In the first phase of the followup study, "Nonresponse Conversion" buildings were selected. These were buildings that failed to answer one or both questions in the Census Supplement during the building characteristics interview. There were 104 "Nonresponse Conversion" buildings. A total of 75 responses was obtained from the first-phase followup effort.
In the second phase of the followup, cases were selected for item nonresponse of "don't know" to the Census supplement construction improvements question. Cases were included if the respondent provided the name, address, and telephone number of the person or persons who would have the information. These referrals were often to management companies not located in the same city as the sampled buildings. There were a total of 146 item nonresponse buildings; and 120 or 82.2 percent provided additional information.
In the third and final phase of the followup, cases were selected to verify independently the data obtained in the original interview when the reported expenditures for one or both questions were $5 million or more. Packages of materials explaining the verification study and requesting the respondent to provide data on the two types of expenditures were mailed to the original respondents to the Census questions. The respondents were then telephoned to obtain the data. Of the original interviews, a sample of 92 buildings was selected and 76, or 82.6 percent, resubmitted the data.
Nonresponse to the Census Supplement was treated by a technique known as sequential hot-deck imputation. In sequential hot-decking, when a certain response is missing for a given building, another building, called a "donor," is sequentially chosen to furnish its reported value for that item. That value is then assigned to the building with item nonresponse (the nonrespondent or "receiver").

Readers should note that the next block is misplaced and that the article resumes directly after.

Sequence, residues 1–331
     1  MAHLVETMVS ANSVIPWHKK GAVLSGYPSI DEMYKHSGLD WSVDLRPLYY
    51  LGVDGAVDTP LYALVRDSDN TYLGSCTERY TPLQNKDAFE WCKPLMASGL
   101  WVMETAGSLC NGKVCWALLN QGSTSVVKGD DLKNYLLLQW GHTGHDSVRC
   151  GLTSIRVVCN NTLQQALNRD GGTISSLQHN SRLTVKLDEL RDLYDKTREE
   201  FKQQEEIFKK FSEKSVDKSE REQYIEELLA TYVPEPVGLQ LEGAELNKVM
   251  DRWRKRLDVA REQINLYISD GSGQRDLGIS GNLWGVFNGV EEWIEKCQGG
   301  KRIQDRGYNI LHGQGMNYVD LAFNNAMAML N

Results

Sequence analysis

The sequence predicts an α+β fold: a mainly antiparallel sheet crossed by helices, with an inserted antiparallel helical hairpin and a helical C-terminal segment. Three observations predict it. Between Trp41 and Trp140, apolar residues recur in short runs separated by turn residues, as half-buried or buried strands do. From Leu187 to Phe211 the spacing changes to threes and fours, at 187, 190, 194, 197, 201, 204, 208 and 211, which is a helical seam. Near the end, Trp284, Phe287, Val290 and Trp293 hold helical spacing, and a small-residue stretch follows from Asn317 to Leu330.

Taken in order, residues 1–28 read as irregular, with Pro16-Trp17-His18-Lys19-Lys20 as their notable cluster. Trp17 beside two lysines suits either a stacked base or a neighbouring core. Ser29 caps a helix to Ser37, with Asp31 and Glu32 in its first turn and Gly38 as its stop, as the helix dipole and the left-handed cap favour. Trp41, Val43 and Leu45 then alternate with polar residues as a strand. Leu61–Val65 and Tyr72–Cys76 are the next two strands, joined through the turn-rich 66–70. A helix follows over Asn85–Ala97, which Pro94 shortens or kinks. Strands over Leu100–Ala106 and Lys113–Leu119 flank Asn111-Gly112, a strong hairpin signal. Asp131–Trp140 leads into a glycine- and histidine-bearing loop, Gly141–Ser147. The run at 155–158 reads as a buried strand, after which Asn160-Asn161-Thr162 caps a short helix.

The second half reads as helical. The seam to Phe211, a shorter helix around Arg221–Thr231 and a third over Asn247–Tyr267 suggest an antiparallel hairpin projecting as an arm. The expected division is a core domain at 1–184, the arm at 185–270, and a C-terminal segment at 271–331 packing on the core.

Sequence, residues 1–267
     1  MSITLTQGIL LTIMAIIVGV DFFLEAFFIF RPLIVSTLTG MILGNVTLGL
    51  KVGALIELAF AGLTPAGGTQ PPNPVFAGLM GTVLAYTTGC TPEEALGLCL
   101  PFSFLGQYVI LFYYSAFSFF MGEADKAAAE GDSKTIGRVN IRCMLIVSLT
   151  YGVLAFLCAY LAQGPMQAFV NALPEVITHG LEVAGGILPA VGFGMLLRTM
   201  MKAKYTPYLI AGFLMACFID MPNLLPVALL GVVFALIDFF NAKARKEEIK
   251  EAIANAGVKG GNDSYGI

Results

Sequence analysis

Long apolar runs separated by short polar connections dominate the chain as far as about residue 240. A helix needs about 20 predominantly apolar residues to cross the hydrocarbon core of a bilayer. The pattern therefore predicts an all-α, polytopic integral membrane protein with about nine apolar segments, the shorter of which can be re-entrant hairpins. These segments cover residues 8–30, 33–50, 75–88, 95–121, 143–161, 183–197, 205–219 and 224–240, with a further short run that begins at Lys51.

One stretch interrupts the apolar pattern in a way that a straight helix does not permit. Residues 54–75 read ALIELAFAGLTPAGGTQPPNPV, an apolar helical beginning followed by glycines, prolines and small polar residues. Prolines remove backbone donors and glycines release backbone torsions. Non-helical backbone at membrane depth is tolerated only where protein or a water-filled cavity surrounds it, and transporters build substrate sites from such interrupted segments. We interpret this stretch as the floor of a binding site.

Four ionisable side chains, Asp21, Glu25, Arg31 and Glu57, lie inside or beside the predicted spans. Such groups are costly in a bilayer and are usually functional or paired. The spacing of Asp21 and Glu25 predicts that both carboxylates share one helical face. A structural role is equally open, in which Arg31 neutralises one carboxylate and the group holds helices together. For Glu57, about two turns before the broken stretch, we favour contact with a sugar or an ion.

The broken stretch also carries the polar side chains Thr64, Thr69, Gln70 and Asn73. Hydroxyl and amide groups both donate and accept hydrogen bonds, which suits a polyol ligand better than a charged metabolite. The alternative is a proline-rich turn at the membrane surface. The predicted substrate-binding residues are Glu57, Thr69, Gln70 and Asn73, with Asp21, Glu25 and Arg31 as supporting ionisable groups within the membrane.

To serve as a donor, a building had to be similar to the nonrespondent in characteristics correlated with the missing item. This procedure was used to reduce the bias caused by different nonresponse rates for a particular item among different types of buildings. What characteristics were used to define "similar" depended on the nature of the item to be imputed. For the Census Supplement, the characteristics were PBA categories and square foot categories. To impute values for a particular item, all buildings were first grouped according to the values of the matching characteristics. Within each group (imputation cell) defined by the matching variables, donor buildings were assigned sequentially to receiver buildings.
The 1992 Census Supplement used a weighted sequential hot-deck procedure (Cox, 1980). With this procedure, sample weights were used in addition to the sequential approach to minimize imputation bias. First the data set was split into respondents and nonrespondents and grouped with respect to the matching variables. The ratio of the sum of respondents' weights to the sum of nonrespondents' weights was computed for each imputation cell. This ratio was used to scale each nonrespondent's weight so that their sum equals that of the respondents. The cumulative sum of the scaled nonrespondent weights was then used to define selection zones from which a donor (respondent) is selected for imputation.